Haj Yehia needed little pushing or encouragement. Growing up, he had only a few friends and preferred spending time at home, reading and writing.

As a child, he seemed to be innately motivated, said Jabareh.

“He would come home from school and sit down to do his homework, without his mom or dad telling him he had to do it. They never had to tell him,” she said, recalling a childhood incident that can, perhaps, offer a glimpse into the nature of Bank Leumi’s new chairman.

Illustrative image: Withdrawing money at Bank Leumi on Dizengoff Street, Tel Aviv, January 18, 2015. (Nati Shohat/Flash90)

“I came over to their house one day and his father was working on some kind of university paper and he was using one of those old-fashion calculators. Samer, who was in the fifth or sixth grade, walked up to him, took the calculator from his father’s hand and said, ‘If you use it your mind will stop working. Throw it away and only use your head.’ So yes, he was always like this since childhood.”

Still, she would not venture a guess as to whether Haj Yehia he will use his new position to fight the racism and discrimination plaguing Arabs in Israeli society.

“I don’t know about that,” she said. “I know little about banking and economics, but knowing Samer, I have faith that he’ll try. He’s an idealist.”

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Hezbollah wars that Israel could be ‘wiped out’ in war between US and Iran

(THIS ARTICLE IS COURTESY OF THE TIMES OF ISRAEL)

 

Nasrallah warns Israel could be ‘wiped out’ in war between US and Iran

Hezbollah leader says Tehran has ability to ‘bombard Israel with ferocity and force,’ claims group has bolstered its arsenal with precision missiles that can reach Eilat

Hezbollah leader Sheikh Hassan Nasrallah.(AP Photo/Hussein Malla, File)

Hezbollah leader Sheikh Hassan Nasrallah.(AP Photo/Hussein Malla, File)

The head of the Hezbollah terror group warned Friday that Israel would be drawn into any war between the US and Iran and could be “wiped out” in such a conflict.

“Iran is able to bombard Israel with ferocity and force,” Hassan Nasrallah said in an interview broadcast on Hezbollah’s Al-Manar television.

“When the Americans understand that this war could wipe out Israel, they will reconsider,” Nasrallah said.

His comments came amid soaring tensions between the US and Iran and just hours after US House of Representatives voted to restrict US President Donald Trump’s ability to attack Iran, voicing fear that his hawkish policies are pushing toward a needless war.

It was not immediately clear if Nasrallah was referring to Iran’s arsenal of long-range missiles or the tens of thousands of rockets and missiles that Iran has supplied the Lebanese Hezbollah.

In this photo provided November 5, 2018, by the Iranian Army, a Sayyad 2 missile is fired by the Talash air defense system during drills in an undisclosed location in Iran. (Iranian Army via AP)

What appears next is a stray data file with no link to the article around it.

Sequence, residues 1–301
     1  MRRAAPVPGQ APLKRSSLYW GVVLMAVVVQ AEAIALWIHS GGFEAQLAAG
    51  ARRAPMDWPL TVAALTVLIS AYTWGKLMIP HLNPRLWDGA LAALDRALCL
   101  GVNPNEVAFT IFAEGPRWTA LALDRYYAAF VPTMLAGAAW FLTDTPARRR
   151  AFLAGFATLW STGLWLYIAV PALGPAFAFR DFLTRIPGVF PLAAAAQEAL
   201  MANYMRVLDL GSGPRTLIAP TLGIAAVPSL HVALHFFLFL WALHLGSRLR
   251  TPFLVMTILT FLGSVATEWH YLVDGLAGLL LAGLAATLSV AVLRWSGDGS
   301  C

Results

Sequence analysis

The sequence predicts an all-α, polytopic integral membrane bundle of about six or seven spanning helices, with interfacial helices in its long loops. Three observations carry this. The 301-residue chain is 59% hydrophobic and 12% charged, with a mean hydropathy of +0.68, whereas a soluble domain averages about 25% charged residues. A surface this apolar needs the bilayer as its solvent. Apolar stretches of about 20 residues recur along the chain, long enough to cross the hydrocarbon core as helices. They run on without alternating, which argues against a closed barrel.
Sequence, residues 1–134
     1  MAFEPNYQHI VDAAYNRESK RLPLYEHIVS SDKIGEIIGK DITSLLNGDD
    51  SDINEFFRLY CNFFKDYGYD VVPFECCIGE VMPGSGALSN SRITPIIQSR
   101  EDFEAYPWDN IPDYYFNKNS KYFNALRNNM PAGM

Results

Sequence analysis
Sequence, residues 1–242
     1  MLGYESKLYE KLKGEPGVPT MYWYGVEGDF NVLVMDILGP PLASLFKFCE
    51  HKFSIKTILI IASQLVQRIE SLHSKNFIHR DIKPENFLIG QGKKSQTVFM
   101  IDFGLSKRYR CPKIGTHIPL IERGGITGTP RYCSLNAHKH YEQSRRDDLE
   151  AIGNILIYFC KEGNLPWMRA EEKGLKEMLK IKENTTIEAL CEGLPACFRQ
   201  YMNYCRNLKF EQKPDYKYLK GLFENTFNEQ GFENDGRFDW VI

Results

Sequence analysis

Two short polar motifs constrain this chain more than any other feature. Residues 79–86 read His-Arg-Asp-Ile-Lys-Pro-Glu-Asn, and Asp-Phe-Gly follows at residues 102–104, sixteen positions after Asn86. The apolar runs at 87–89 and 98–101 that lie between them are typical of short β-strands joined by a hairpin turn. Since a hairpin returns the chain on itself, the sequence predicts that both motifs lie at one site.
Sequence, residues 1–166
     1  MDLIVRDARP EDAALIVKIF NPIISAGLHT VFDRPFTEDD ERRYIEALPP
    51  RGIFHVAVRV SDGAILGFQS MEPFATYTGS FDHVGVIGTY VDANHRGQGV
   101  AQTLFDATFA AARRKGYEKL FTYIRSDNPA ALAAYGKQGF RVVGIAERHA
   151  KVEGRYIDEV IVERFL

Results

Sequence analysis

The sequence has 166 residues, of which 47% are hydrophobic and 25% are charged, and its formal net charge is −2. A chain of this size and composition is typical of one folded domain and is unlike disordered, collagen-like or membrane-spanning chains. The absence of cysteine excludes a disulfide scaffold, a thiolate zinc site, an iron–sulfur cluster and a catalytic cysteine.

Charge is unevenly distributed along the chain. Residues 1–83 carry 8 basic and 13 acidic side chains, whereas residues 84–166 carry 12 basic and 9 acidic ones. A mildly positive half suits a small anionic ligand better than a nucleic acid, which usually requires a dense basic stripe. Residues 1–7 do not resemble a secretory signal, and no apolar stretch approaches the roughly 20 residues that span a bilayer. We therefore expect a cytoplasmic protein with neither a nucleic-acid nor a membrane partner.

Earlier in the interview Nasrallah said his Iran-backed group had significantly improved its military capabilities since the 2006 war between Hezbollah and Israel.

“Our weapons have been developed in both quality and quantity, we have precision missiles and drones,” he said in the interview to mark 13 years since the war.

During the interview Nasrallah held a map of Israel and pointed to strategic targets, which he said Hezbollah could hit, including Ben Gurion Airport, arms depots, petrochemical and water desalinization plants, and the Ashdod port.

He also claimed his missiles could hit the southern Israeli city of Eilat on the Red Sea.

Nasrallah hinted his organization had acquired anti-aircraft missiles, saying he preferred to keep an ambiguous stance, adding that the Lebanese terror group now had “game-changing offensive capabilities and weapons.”

Israel has long warned that Hezbollah plans to try and invade northern Israel in any future war and recently uncovered several attack tunnels built deep into Israel that were supposed to allow their fighters to enter into Israel.

Hezbollah supporters take part in a rally to mark al-Quds day in Beirut, Lebanon, May 31, 2019. (AP Photo/Hassan Ammar)

However, Nasrallah said he was confident there would not be a war, because Israel feared the consequences.

He also said regional players were working to prevent a war between the US and Iran. “Our collective responsibility in the region is to work towards preventing an American war on Iran,” he said.

He said Saudi Arabia and the United Arab Emirates had no interest in a conflict erupting.

In recent weeks the US has sent thousands of troops, an aircraft carrier, nuclear-capable B-52 bombers and advanced fighter jets to the Middle East, and fears are growing of a wider conflict after mysterious oil tanker attacks near the Strait of Hormuz blamed on Iran, attacks by Iranian-backed rebels in Yemen on Saudi Arabia and Iran’s downing of the US military drone.

The USS Abraham Lincoln sails south in the Suez canal near Ismailia toward the Persian Gulf, May 9, 2019. (Suez Canal Authority via AP)

Iran has recently begun surpassing uranium enrichment limits set in its 2015 nuclear deal with world powers in response to Trump’s decision to pull the US out of the accord a year ago.

The US has also re-imposed tough sanctions on Tehran’s oil exports, exacerbating an economic crisis that has sent its currency plummeting.

Nasrallah also said that the group had recently begun withdrawing it’s fighters that were supporting the Damascus regime in neighboring war-torn Syria.

“We are present in every area that we used to be. We are still there, but we don’t need to be there in large numbers as long as there is no practical need,” he said.

The head of the Iran-backed Shiite movement, which has been fighting in Syria since 2013, did no quantify the extent of the reduction.